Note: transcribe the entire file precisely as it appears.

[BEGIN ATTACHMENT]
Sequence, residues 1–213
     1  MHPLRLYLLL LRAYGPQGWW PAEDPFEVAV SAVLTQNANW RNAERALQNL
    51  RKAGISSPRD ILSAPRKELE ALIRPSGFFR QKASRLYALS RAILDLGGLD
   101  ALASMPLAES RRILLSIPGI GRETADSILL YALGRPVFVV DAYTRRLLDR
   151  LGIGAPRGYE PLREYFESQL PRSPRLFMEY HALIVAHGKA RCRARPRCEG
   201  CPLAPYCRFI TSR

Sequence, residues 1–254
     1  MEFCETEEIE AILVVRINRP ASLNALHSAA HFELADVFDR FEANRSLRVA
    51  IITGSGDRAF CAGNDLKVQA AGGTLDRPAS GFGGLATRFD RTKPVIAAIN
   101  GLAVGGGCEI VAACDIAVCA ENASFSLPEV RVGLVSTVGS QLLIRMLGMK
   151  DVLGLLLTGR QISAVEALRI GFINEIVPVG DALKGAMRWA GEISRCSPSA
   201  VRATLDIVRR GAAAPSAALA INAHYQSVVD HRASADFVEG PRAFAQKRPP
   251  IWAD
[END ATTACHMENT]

Sequence, residues 1–213
     1  MHPLRLYLLL LRAYGPQGWW PAEDPFEVAV SAVLTQNANW RNAERALQNL
    51  RKAGISSPRD ILSAPRKELE ALIRPSGFFR QKASRLYALS RAILDLGGLD
   101  ALASMPLAES RRILLSIPGI GRETADSILL YALGRPVFVV DAYTRRLLDR
   151  LGIGAPRGYE PLREYFESQL PRSPRLFMEY HALIVAHGKA RCRARPRCEG
   201  CPLAPYCRFI TSR

Sequence, residues 1–254
     1  MEFCETEEIE AILVVRINRP ASLNALHSAA HFELADVFDR FEANRSLRVA
    51  IITGSGDRAF CAGNDLKVQA AGGTLDRPAS GFGGLATRFD RTKPVIAAIN
   101  GLAVGGGCEI VAACDIAVCA ENASFSLPEV RVGLVSTVGS QLLIRMLGMK
   151  DVLGLLLTGR QISAVEALRI GFINEIVPVG DALKGAMRWA GEISRCSPSA
   201  VRATLDIVRR GAAAPSAALA INAHYQSVVD HRASADFVEG PRAFAQKRPP
   251  IWAD